Thursday, June 16, 2016

Peter Newman

Peter Newman lives in Somerset with his wife and son. Growing up in and around London, Newman studied Drama and Education at the Central School of Speech and Drama, going on to work as a secondary school drama teacher. He now works as a trainer and Firewalking Instructor. He sometimes pretends to be a butler for the Tea and Jeopardy podcast, which he co-writes, and which has been shortlisted for a Hugo Award.

Newman's new novel is The Vagrant.

Recently I asked the author about what he was reading. His reply:
Liveship Traders #1 -- Ship of Magic (Robin Hobb)

I’ve been an unashamed fanboy of Robin Hobb’s ever since I read her Farseer Trilogy last year. To me, her books are like really expensive chocolates, in that they deserve to be savoured.

For those of you who don’t know, Ship of Magic is a fantasy novel. As you might expect from the title, there are living, talking ships. There are also pirates, monsters, magic and all the kind of things you’d expect. What sets this apart are the characters (and yes, I’m including the ships here). Each is wonderfully observed, flawed and understandable. Even the unlikeable characters make utter sense. Robin Hobb makes me care about them all, deeply, which can be tricky as her characters don’t have very easy lives.

But, much as I loved it, I’ve been reading other things before jumping into book two, such as…

Copper Cat Trilogy #3 -- The Silver Tide (Jen Williams)

More fantasy! This is the third and final book in the Copper Cat trilogy by Jen Williams. Again we have dragons and gods and monsters and pirates but in a much more traditional adventure, where a group of rogues get together in search of booty but end up having to save the world, and each other.

As with Hobb, it’s the characters that draw me through these books. They’re archetypical but not stereotypical, and the warmth they have for each other and their personal growth (stubbornly slow in some cases!) is lovely to behold. They’re big books but feel like fast reads. A neat trick.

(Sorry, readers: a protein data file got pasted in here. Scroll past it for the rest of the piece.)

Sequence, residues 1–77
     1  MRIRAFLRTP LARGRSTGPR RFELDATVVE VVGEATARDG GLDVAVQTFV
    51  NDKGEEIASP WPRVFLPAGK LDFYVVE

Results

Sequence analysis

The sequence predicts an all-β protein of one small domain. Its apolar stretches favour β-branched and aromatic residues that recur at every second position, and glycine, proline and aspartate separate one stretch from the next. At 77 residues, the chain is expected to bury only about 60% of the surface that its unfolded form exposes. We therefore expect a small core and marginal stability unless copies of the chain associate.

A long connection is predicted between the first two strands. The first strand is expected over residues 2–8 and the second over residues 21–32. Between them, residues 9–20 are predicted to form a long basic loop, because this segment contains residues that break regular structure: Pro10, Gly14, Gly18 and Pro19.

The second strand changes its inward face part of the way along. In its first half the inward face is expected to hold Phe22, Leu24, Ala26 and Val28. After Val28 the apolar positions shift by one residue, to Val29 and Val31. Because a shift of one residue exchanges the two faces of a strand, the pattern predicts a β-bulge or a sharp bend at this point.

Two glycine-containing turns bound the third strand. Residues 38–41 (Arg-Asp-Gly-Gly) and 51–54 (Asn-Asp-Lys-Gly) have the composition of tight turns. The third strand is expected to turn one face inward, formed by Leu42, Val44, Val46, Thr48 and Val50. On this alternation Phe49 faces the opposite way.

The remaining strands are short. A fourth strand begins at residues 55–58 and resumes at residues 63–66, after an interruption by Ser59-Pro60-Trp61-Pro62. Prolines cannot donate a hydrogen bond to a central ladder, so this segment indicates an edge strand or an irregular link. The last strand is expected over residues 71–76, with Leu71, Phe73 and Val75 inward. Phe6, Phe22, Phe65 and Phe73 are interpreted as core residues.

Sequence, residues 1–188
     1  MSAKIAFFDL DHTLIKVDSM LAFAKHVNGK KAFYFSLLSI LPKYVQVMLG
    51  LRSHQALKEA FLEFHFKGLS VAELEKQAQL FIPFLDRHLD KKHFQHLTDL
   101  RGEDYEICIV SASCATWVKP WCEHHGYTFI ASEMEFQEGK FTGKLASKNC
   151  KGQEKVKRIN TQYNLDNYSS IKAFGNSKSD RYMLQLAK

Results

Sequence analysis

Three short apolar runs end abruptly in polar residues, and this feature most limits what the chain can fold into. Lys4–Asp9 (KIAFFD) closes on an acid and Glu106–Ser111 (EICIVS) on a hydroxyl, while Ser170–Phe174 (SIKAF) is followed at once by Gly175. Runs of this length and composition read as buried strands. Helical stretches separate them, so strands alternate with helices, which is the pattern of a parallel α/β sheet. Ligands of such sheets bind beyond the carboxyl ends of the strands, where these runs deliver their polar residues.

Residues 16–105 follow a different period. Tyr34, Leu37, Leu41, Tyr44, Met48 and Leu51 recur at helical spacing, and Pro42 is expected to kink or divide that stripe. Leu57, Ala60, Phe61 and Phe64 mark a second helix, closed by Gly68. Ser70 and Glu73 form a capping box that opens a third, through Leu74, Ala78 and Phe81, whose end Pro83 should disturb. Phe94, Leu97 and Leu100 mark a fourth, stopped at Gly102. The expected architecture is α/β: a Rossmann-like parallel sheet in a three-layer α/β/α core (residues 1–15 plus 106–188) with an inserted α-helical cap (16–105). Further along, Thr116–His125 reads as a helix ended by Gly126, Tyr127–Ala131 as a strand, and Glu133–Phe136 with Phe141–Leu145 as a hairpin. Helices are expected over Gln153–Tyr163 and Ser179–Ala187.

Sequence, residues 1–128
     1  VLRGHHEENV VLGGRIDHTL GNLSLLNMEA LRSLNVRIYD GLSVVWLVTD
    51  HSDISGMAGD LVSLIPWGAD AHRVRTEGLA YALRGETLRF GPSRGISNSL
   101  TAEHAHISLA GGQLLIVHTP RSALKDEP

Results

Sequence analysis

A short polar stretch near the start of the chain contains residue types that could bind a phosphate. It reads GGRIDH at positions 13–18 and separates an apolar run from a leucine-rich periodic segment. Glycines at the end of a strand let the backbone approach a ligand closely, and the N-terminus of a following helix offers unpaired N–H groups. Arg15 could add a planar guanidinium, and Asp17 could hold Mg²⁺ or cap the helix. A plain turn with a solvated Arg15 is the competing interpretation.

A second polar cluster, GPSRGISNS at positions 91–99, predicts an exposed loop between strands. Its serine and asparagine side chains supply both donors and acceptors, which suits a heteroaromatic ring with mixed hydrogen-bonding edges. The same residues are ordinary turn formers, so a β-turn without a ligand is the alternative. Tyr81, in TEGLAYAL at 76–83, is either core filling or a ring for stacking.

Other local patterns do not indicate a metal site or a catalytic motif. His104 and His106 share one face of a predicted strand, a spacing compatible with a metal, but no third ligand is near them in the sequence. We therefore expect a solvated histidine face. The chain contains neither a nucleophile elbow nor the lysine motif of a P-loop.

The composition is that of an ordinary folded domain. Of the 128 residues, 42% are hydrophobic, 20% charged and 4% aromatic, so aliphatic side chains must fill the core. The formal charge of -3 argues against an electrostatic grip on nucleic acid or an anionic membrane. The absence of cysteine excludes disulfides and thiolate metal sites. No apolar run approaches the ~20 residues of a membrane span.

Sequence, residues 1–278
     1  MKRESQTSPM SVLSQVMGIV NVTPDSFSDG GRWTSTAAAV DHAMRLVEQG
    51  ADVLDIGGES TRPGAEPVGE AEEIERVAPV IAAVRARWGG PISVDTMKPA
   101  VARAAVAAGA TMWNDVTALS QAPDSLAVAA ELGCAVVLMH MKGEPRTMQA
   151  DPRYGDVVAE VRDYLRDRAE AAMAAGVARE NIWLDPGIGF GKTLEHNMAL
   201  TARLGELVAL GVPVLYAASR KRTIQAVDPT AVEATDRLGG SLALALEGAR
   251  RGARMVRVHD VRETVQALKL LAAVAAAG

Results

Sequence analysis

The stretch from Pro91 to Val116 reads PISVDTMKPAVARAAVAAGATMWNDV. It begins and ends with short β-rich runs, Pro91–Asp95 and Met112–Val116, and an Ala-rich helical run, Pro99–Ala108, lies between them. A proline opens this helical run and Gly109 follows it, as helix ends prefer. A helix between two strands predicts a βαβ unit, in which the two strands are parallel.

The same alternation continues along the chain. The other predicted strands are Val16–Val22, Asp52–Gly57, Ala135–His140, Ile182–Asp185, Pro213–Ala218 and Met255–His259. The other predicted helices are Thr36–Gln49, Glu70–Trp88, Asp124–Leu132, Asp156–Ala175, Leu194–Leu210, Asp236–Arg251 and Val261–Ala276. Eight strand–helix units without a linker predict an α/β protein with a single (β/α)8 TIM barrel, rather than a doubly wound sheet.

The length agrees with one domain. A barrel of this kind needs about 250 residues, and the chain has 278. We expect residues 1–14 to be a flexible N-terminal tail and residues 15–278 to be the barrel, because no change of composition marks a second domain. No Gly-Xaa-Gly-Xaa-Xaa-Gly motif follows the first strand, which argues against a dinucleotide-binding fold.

Escapology (Ren Warom)

Ren Warom’s debut novel is set in a very bleak future, where humanity has flooded most of the world and now crams itself onto what remains of the land. Like Waterworld but with skyscrapers, street culture, a super advanced internet, swearing, and a lot more neon. The prose is hard, stark and often beautiful. I haven’t read anything like it in a long time. Worth a look.

Matilda (Roald Dahl)

I also read with my son. At the moment we’re enjoying the final pages of Roald Dahl’s Matilda. This is a treat for me, as it’s one of the few of Dahl’s books I’ve never read before. It’s the story of an incredibly bright and gifted girl who has the misfortune to be born into a nasty and corrupt family, and who goes to a school where the biggest bully is the headmistress.

I love the creativity and fun that permeates, but there is real depth here too, and it has led to some great discussions with my son about the nature of parenthood, bullying, and what he would do if faced with Matilda’s problems.
Visit Peter Newman's website.

My Book, The Movie: The Vagrant.

The Page 69 Test: The Vagrant.

--Marshal Zeringue